Released: 2008, Powerage
The rise and fall of Grunge music in the 1990s was ironically almost as spectacular and swift as the hair metal it drove underground. Inevitably, as young bands have continued to rediscover older music, the resurrection of grunge in some form was a virtual guarantee. Enter Lethargy, a band that uses more styles than just grunge, but grunge is the predominant influence on their debut major label recording. The first thing that needs to be stated is that this is not the Lethargy from Rochester, NY but a new band from Wales, UK. Formed in 2000, the band released a self-funded album called ROAD TO NOWHERE, which made a positive impression on many critics according to the band’s MySpace page.
PURIFICATION is the first major release for Lethargy and boasts some pretty impressive credentials. The album is produced by David Prater, who produced Dream Theater’s IMAGES AND WORDS and CHANGE OF SEASONS albums. The band also cites a diverse list of influences, ranging from Led Zeppelin and Black Sabbath to Alice In Chains and The Manic Street Preachers. With this pedigree, I was expecting some heavy progressive grunge and was actually fairly excited to hear it after the fatigue of reviewing a handful of Swedish death metal albums. The fact is PURIFICATION showcases every one of these influences and others not mentioned, but with one definite catch; the style of one song often shifts almost completely in the next song, the main uniting feature in these cases being only the vocals. The result is that the variety between individual songs is sometimes significant, but some readers are probably already guessing this makes the album a somewhat disjointed and inconsistent effort, but definitely not a bad record.
“Stealth” is the excellent detuned opener, a southern stoner metal song in the style of Alabama Thunderpussy with a mix of COC. “14:9” pays tribute to grunge’s heyday, with a definite Pearl Jam feel on this one from the melodies to the vocals. The riffs are pretty straight forward, not necessarily pummeling but aggressive. The production deftly adds crunch to the guitars and wisely emphasizes Phil Humphreys’s versatile and impressive vocals. The album rocks mid-paced and grunge oriented until track 7, “I See Mans End In His Construction”, an unusual song title and an insightful observation. This semi-ballad is undoubtedly the reflection of the Manic Street Preachers influence, especially in the harmonized vocals during the verse and the dream-like quality of the chorus, making this track my personal favorite of the album.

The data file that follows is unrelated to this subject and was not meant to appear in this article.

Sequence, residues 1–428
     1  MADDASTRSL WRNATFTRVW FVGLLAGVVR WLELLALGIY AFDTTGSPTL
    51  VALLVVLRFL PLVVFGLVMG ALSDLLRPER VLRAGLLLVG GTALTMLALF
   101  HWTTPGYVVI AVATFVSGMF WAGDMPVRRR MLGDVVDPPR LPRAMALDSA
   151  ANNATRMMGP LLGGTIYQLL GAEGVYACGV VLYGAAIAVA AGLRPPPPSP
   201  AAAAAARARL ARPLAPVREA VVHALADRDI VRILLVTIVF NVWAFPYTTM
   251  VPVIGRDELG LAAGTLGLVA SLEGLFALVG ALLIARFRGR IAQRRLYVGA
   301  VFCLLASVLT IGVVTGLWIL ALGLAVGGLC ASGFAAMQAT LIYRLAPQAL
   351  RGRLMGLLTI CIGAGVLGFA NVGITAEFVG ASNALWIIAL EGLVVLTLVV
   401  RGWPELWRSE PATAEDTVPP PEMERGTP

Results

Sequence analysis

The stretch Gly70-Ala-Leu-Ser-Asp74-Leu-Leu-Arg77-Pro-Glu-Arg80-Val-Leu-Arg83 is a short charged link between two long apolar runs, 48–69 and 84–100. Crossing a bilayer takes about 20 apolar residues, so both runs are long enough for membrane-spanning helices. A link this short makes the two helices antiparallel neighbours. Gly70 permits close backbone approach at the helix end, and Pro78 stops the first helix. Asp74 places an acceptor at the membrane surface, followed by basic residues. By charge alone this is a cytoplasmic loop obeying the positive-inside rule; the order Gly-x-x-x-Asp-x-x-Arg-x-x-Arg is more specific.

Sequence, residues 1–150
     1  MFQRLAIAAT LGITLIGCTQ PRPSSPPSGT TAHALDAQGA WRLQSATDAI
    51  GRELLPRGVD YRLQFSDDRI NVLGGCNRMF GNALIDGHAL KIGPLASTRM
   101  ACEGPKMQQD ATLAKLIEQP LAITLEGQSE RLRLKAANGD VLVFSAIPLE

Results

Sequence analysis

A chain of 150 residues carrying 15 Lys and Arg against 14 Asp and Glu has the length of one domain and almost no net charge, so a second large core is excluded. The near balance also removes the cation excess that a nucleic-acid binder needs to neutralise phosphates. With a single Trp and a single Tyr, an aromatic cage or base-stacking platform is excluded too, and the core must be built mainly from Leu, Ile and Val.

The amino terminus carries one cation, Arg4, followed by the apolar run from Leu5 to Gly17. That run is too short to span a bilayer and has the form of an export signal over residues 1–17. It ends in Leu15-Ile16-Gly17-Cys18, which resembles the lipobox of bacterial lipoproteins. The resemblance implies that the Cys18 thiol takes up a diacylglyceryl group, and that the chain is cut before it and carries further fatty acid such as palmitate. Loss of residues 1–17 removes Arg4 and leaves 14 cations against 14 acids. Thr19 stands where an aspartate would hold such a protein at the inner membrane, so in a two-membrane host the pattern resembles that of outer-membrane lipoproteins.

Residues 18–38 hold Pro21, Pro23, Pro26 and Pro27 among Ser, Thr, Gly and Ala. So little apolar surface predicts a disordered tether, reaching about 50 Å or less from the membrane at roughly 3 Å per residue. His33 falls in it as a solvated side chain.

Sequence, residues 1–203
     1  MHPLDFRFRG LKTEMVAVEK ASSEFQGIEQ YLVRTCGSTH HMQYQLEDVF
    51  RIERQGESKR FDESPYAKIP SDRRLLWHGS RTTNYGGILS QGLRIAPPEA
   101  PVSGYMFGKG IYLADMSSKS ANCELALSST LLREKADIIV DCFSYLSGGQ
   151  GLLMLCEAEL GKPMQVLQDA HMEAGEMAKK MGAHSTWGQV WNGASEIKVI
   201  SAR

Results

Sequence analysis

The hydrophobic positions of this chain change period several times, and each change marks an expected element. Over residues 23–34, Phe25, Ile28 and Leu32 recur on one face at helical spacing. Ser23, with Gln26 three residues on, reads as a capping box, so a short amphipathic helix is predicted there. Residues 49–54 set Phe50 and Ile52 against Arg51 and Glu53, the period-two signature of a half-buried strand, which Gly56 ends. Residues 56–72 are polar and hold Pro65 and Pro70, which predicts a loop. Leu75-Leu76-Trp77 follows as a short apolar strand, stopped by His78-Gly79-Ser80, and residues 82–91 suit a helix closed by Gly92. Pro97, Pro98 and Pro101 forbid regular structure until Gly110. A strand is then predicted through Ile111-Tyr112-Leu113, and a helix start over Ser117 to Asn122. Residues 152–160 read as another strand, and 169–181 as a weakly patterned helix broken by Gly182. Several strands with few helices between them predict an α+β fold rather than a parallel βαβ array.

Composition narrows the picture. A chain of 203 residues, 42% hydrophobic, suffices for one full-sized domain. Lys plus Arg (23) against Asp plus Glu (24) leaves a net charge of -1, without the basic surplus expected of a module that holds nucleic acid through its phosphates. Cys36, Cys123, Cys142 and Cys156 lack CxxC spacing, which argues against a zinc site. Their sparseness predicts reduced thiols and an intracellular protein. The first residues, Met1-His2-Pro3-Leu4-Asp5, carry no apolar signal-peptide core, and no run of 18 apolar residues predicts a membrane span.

The album concludes with a full blown piano ballad, an obvious attempt at a commercial track and closely related to the worst of Nickelback’s offenses. Overall the album is a melting pot of styles, grunge being the dominant flavor but the dropped D tuning adds a stoner metal element. The dropped D also makes the songs sound repetitive and many of the riffs are unimaginative.
PURIFICATION is a solid album from a band that has talent but needs some refinement. There is only one bad track on the album, but none really stick out and make a lasting impression either. It is admirable to see the band incorporating all their influences on one album, but not every track sounds like Lethargy. Some tracks sound like a different band completely, and the challenge will be for the guys to weld all their influences into consistent songs that reflect their own personal style.
The bottom line this is that this is a listenable and enjoyable album, but at the end of the day is unlikely to make any lasting impression. The dropped D tuning is overdone and just sounds like so many other bands. Lethargy have potential, but need to experiment more and forge all their influences into their own unique sound in order to take the next step towards success.